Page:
Warren city council rejects marijuana dispensary settlement

According to the majority of residents and city council members who spoke out at Tuesday's meeting, the marijuana settlement is not good for Warren. The settlement was denied by 5-2. 

"This is an economic time bomb," said Warren City Council Member Jonathan Lafferty. "As many of my colleagues pointed out in their letters this evening, you do not have to be an economic major to know that if you build too many stores all selling the same product in close proximity with one another, even the strongest among them, may not survive."

"The potential liability is in such numbers that we could be forced to access residents, it could be so high," said Council Member, Mindy Moore. "Other jurisdictions have had to do that. That scares me."

The decision all happened after the previous city council approved 15 out of 60 applications for marijuana dispensary licenses.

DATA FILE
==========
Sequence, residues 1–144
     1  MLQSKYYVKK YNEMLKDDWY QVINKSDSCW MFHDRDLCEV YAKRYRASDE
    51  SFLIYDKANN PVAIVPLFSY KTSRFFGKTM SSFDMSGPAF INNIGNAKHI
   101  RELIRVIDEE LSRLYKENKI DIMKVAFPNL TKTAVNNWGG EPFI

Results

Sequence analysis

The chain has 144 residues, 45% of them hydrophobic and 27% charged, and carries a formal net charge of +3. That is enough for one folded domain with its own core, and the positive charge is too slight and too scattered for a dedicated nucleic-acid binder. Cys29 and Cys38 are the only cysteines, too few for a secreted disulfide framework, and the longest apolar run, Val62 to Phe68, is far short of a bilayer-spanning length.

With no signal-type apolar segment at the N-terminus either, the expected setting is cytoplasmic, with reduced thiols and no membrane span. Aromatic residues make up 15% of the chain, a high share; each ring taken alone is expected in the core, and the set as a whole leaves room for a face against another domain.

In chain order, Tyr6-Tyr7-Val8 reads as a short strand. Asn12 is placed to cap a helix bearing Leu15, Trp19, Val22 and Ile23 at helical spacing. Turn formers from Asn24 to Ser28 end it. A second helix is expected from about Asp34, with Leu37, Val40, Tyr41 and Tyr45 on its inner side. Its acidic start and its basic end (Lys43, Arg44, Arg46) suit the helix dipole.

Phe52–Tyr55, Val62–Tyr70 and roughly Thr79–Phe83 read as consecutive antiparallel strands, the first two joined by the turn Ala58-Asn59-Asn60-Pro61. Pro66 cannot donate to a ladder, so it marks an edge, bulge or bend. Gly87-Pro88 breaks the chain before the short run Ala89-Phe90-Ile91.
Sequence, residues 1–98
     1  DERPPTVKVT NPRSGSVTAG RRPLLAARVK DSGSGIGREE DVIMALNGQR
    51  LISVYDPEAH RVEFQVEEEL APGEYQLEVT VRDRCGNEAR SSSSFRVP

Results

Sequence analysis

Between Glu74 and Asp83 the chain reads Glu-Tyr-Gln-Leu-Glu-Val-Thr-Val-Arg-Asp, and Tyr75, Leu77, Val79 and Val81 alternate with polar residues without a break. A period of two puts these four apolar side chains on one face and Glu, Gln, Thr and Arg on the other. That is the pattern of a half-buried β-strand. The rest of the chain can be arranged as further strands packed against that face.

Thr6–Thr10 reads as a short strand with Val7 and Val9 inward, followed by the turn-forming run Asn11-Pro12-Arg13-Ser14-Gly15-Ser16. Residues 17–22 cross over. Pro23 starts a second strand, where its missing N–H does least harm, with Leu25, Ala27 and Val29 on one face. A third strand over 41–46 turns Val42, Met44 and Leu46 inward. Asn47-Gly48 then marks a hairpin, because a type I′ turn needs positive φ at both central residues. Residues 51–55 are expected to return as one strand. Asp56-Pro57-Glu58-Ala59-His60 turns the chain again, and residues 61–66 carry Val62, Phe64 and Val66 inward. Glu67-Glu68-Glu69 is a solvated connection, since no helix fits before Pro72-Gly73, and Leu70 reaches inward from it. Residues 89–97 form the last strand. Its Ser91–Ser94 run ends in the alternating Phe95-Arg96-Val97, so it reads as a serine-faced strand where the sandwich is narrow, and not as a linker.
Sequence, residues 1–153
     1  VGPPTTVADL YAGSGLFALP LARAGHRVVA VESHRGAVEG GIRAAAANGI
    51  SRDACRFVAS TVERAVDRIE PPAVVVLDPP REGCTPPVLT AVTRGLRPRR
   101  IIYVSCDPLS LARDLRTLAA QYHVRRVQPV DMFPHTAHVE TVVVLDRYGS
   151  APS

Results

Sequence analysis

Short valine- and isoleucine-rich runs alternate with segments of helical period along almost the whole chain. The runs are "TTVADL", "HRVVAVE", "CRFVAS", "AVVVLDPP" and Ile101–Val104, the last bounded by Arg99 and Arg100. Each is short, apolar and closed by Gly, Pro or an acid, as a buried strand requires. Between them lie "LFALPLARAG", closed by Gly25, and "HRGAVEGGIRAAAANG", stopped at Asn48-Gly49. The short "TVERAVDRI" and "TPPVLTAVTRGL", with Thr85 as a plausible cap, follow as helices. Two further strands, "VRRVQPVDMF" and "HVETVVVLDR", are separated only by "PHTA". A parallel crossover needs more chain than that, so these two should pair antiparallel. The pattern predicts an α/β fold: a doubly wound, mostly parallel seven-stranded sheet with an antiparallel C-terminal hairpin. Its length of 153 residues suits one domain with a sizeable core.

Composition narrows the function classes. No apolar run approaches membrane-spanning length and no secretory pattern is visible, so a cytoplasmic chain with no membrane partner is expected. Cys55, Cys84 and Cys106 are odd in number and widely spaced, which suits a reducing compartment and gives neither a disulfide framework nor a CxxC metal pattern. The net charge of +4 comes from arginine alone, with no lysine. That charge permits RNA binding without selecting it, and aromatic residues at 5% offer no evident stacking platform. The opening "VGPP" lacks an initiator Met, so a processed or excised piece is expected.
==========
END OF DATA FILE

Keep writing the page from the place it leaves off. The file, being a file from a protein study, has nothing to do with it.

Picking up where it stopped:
The losing businesses filed a lawsuit, claiming it was a violation of the Open Meeting Act since the decision was made behind closed doors. 

A Macomb County Circuit Court Judge agreed. 

Negotiations led to a proposed consent agreement, which would grant licenses to build 28 businesses in predetermined locations. 

Rich Sulaka is the attorney for some of the plaintiff's. 

 "It's not as though the city would be getting 28 new 7 elevens," sulaka said. "It's akin to the city having 28 apple stores opened in the city of Warren. So it's a real coop for the city to take something that could have potentially caused residents tens of millions and turn it into a significant investment, especially in these economic times."

The proposed settlement would create 300 jobs with Warren residents getting first priority and pay at least $15.00 an hour, while shielding the city from tens of millions of dollars in lawsuits. 

"The reason why I support this is because instead of the city paying out more money, you're going to get money from this settlement," said Council Member Peter Massironi.